Officials said during a press conference that the death toll was 15. Santa Barbara County CEO Mona Miyasato emailed her staff to say the number had increased to 16, the Santa Barbara Independent reported.
The first confirmed death was Roy Rohter, a former real estate broker who founded St. Augustine Academy in Ventura. The Catholic school's headmaster, Michael Van Hecke, announced the death and said Rohter's wife was injured by the mudslide.
At least 25 people were injured in the mudslides and others were unaccounted for as of Tuesday.
On Tuesday, emergency workers using search dogs and helicopters to rescue dozens of people stranded in mud-coated rubble in the normally pristine area, sandwiched between the ocean and the sprawling Los Padres National Forest, about 110 miles (180 km) north of Los Angeles.
Among those missing following the mudslides are sisters Morgan Corey, 25, and Sawyer Corey, 12. They were asleep in their home with Sawyer's twin sister, Summer, and their mother, Carie Baker, when the mudslide hit early Tuesday morning.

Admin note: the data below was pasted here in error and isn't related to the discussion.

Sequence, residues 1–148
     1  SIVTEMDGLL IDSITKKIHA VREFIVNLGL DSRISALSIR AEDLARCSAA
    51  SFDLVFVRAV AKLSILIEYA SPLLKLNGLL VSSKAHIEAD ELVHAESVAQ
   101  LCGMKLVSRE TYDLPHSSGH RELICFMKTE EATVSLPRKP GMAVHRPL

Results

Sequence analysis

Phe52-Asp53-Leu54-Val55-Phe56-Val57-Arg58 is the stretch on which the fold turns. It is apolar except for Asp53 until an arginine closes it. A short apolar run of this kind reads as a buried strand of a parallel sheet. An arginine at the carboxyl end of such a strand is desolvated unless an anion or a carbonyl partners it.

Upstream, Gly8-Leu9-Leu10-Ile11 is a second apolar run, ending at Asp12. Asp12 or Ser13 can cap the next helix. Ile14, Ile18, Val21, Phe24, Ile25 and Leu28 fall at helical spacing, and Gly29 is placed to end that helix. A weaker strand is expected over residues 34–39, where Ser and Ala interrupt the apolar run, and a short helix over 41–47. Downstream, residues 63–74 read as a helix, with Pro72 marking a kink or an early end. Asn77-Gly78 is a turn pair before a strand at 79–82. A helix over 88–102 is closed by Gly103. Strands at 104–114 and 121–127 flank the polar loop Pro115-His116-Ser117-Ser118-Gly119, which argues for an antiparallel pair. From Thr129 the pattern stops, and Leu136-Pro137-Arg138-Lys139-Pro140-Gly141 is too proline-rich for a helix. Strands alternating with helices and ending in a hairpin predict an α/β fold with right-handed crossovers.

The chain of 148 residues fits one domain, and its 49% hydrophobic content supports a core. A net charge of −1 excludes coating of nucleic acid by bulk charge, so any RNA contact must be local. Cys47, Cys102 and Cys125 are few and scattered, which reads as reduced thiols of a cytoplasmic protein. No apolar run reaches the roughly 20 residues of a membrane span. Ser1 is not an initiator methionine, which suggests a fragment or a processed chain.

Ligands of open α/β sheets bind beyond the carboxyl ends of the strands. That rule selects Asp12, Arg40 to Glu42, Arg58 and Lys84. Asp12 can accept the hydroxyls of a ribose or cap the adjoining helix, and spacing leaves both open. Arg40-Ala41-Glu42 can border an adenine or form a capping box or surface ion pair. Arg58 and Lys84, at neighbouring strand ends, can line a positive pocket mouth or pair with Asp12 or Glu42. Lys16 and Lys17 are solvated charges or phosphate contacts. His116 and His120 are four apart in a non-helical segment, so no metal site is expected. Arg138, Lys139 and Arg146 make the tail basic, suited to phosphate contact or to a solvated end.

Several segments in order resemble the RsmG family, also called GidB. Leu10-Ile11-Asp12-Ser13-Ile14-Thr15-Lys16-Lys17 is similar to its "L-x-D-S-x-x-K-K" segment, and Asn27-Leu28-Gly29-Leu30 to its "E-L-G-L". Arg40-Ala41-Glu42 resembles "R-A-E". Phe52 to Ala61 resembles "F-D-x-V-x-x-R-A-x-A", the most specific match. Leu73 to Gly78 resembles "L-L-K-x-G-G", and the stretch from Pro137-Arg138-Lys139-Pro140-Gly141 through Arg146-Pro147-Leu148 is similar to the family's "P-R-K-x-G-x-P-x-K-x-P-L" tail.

Baker and Summer Corey were later found by rescue teams and taken to hospital in critical condition. Friends and family have launched a social media search for Saywer and Morgan, whose whereabouts are still unknown.
Also missing are elderly couple Alice and Jim Mitchell. Family members are hoping to find them at an evacuation center, but they have not heard from the couple since the mudslide hit.
Father-of-six John McManigal, who was swept out of his home by flooding alongside his 23-year-old son, Connor, who was later found.
'My father is being reported as missing right now,' John's son, Tyler, who is stationed in Hawaii for the Navy, told the Los Angeles Times.
The 28-year-old added: 'They found my brother probably three-quarters of a mile away, south of where the house is, on the 101 Freeway.'
Rescue crews used helicopters to pluck more than 50 people from rooftops because trees and power lines blocked roads, dozens more were rescued on the ground and firefighters pulled mud-caked 14-year-old Lauren Cantin from a collapsed Montecito home where she had been trapped for hours.
A semi-tractor trailer sits stuck in mud and flood waters on the highway after mudslides in Montecito
The mudslides followed a violent rainstorm that dropped as much as 6 inches (15 cm) of precipitation in pockets northwest of Los Angeles, soaking ground that was left vulnerable after much of its vegetation burned in the state's largest wildfire last month